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The AARP Bulletin

Residents are coming together to perform "walk audits" in their communities. When they did so in Birmingham, they helped improve street safety in the city.
Several organizations are working on boosting nutrition or improving outdoor spaces, aided by AARP Community Challenge grants. Among the winners:
People with disabilities and older adults often lose the right to make major decisions about their own lives, as guardians or conservators step in. But under a new state law approved after an advocacy campaign by AARP Alabama and disability organizations, a less-restrictive option now exists.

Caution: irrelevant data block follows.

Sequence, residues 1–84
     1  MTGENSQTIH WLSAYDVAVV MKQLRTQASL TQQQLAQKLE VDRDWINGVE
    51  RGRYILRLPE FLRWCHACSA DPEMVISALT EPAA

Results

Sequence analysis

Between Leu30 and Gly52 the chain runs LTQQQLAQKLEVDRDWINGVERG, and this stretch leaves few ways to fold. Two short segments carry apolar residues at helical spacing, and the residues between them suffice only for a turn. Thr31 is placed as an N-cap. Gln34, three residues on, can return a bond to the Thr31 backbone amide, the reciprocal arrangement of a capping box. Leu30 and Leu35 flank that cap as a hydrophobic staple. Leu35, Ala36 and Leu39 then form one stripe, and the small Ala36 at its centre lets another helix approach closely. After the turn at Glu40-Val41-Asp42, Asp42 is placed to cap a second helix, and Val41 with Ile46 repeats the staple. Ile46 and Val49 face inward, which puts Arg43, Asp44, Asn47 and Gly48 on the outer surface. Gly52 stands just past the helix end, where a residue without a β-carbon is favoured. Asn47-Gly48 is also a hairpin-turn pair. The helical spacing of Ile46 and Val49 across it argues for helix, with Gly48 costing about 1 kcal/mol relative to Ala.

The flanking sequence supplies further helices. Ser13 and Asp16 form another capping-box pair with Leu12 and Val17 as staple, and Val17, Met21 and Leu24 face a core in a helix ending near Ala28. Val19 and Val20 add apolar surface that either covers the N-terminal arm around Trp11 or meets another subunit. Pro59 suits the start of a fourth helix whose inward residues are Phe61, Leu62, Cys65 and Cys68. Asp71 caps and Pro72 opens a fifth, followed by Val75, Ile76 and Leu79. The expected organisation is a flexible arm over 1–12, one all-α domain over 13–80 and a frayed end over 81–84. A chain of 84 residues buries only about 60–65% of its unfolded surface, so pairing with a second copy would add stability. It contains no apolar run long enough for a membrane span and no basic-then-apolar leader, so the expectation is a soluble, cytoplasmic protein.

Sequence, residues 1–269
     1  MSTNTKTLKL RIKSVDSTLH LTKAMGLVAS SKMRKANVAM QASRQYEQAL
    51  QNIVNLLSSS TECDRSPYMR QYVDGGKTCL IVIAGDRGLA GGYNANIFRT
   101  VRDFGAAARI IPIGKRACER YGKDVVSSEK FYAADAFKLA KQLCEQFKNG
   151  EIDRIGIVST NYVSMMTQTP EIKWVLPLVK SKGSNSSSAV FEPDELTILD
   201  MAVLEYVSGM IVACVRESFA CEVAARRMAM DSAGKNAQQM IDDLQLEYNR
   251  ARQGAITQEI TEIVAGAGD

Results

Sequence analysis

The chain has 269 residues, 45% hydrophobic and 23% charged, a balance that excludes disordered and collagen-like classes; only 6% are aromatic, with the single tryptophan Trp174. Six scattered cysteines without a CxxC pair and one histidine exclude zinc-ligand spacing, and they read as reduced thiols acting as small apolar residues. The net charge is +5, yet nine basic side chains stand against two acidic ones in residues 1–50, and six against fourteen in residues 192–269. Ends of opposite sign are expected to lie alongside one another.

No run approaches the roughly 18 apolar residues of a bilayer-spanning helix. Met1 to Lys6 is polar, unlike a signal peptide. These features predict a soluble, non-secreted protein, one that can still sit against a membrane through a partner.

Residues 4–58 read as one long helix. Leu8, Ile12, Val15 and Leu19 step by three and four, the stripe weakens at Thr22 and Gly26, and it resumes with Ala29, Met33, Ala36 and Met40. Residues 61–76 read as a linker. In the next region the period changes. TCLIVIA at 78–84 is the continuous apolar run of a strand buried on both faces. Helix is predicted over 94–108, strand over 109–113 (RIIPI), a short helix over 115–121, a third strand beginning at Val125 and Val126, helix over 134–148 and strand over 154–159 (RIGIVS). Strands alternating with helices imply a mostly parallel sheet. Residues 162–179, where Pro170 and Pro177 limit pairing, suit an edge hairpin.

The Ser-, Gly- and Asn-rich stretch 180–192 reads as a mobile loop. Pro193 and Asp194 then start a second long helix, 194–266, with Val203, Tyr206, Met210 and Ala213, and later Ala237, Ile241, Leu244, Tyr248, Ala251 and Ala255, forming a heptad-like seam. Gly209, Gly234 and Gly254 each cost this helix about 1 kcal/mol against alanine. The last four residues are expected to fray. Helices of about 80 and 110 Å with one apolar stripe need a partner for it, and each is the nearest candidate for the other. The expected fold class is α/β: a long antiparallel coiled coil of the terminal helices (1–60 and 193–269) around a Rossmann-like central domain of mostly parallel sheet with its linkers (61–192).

Personal financial papers are gold to criminals looking to steal your identity or clean out your bank accounts.
The Alabama Legislature convenes in March, and AARP Alabama plans to push several issues during the 2023 legislative session.
With pedestrians facing dangers on roadways with no sidewalks, AARP Alabama is encouraging residents to conduct walk audits that evaluate the safety—or lack of it—in their communities. Audit findings are shared with elected officials and other local leaders.
Alabamians will vote Tuesday, Nov. 8, for governor, lieutenant governor, a U.S. senator, all seven U.S. House members, all members of the state legislature, and other statewide and local officials.
A new law will create a registry to single out people who have been implicated in cases of elder abuse.
When Alabamians vote in the spring primary (planned for May 24), they will face tighter restrictions on voting absentee.
AARP is committed to making communities more livable for people of all ages.
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